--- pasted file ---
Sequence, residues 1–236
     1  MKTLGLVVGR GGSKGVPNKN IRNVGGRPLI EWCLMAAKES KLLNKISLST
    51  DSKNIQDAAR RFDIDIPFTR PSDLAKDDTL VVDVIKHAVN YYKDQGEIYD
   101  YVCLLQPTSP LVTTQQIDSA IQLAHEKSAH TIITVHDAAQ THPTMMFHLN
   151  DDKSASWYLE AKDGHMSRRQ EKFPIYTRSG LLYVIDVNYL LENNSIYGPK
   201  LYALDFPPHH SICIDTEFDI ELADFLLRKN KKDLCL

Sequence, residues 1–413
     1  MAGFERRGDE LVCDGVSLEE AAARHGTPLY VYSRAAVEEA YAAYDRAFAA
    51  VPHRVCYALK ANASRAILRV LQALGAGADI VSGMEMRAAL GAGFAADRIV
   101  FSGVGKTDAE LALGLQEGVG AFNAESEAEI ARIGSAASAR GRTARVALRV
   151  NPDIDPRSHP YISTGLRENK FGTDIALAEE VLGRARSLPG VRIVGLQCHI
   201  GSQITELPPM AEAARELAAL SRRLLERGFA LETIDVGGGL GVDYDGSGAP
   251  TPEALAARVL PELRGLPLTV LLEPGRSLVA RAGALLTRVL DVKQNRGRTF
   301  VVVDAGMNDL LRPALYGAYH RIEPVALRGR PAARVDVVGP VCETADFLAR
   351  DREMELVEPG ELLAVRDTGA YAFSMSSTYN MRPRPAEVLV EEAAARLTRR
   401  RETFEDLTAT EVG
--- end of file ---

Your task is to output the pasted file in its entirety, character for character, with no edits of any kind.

Sequence, residues 1–236
     1  MKTLGLVVGR GGSKGVPNKN IRNVGGRPLI EWCLMAAKES KLLNKISLST
    51  DSKNIQDAAR RFDIDIPFTR PSDLAKDDTL VVDVIKHAVN YYKDQGEIYD
   101  YVCLLQPTSP LVTTQQIDSA IQLAHEKSAH TIITVHDAAQ THPTMMFHLN
   151  DDKSASWYLE AKDGHMSRRQ EKFPIYTRSG LLYVIDVNYL LENNSIYGPK
   201  LYALDFPPHH SICIDTEFDI ELADFLLRKN KKDLCL

Sequence, residues 1–413
     1  MAGFERRGDE LVCDGVSLEE AAARHGTPLY VYSRAAVEEA YAAYDRAFAA
    51  VPHRVCYALK ANASRAILRV LQALGAGADI VSGMEMRAAL GAGFAADRIV
   101  FSGVGKTDAE LALGLQEGVG AFNAESEAEI ARIGSAASAR GRTARVALRV
   151  NPDIDPRSHP YISTGLRENK FGTDIALAEE VLGRARSLPG VRIVGLQCHI
   201  GSQITELPPM AEAARELAAL SRRLLERGFA LETIDVGGGL GVDYDGSGAP
   251  TPEALAARVL PELRGLPLTV LLEPGRSLVA RAGALLTRVL DVKQNRGRTF
   301  VVVDAGMNDL LRPALYGAYH RIEPVALRGR PAARVDVVGP VCETADFLAR
   351  DREMELVEPG ELLAVRDTGA YAFSMSSTYN MRPRPAEVLV EEAAARLTRR
   401  RETFEDLTAT EVG